Portuguese Guinea

What is Portuguese Guinea known for?


major fighting

territories , the series of conflicts becoming known as the Portuguese Colonial War. Nicolli 2002, p. 174. Portugal had deployed a detachment of F-86 Sabres to Portuguese Guinea in August 1961, prior to the outbreak of major fighting, but was forced to withdraw the jet fighters back to Europe owing to pressure from the United States and the United Nations, who imposed an arms embargo. Lopes 1988, p. 64. This left a gap in air cover for Portugal's African colonies, both in the close air support role, and in the air defence role. The combined guerrilla forces of the MPLA, the UNITA, and the FNLA, in Angola (Angola (Portugal)), PAIGC in Portuguese Guinea, and FRELIMO in Mozambique (Mozambique (Portugal)), succeeded in their rebellion when their continued guerrilla warfare prompted elements of the Portuguese Armed Forces to stage a coup at Lisbon in 1974. Laidi, Zaki. The Superpowers and Africa: The Constraints of a Rivalry:1960-1990. Chicago: Univ. Of Chicago, 1990. António Pires Nunes, Angola 1966-74 The Portuguese Armed Forces' Movimento das Forças Armadas overthrew the Lisbon government in protest of ongoing war in Portuguese Guinea that seemed to have no military end in sight, as well as in rebellion against the new Military Laws that were to be presented next year (Decree Law: ''Decretos-Leis n.os 353, de 13 de Julho de 1973, e 409, de 20 de Agosto'') in order to cut down military expenses and incorporate militia and military academy officers in the Army branches as equals. Nova Colônia do Sacramento, Uruguay (1680-1777)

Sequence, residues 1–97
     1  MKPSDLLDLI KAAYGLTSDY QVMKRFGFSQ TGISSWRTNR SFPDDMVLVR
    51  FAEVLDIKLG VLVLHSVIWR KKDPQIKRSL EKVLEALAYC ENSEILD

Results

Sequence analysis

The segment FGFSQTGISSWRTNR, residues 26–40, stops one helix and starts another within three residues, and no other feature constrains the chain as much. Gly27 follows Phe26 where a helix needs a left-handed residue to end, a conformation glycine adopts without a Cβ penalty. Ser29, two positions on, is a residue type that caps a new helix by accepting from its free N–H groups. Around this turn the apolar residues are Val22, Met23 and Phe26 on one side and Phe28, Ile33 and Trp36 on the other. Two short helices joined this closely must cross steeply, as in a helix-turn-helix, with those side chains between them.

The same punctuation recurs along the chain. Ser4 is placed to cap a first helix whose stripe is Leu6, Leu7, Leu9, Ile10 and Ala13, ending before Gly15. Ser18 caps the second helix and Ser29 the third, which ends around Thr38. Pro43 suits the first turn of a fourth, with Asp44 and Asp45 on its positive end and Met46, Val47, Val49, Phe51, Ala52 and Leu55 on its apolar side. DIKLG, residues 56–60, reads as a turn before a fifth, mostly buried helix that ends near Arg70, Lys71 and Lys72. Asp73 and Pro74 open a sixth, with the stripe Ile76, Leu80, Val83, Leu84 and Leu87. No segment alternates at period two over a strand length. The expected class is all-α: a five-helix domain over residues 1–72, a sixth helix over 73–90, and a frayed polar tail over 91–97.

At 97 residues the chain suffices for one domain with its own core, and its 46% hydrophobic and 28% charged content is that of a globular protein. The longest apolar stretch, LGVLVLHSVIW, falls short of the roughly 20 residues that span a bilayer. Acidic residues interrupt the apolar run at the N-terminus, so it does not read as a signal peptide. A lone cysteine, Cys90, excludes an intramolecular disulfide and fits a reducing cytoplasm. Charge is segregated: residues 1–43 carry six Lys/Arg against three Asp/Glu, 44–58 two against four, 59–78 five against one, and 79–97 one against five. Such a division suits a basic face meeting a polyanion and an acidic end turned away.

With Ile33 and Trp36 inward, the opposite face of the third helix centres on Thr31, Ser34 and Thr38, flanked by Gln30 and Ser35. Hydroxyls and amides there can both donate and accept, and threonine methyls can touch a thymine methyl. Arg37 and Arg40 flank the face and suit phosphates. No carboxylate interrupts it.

low annual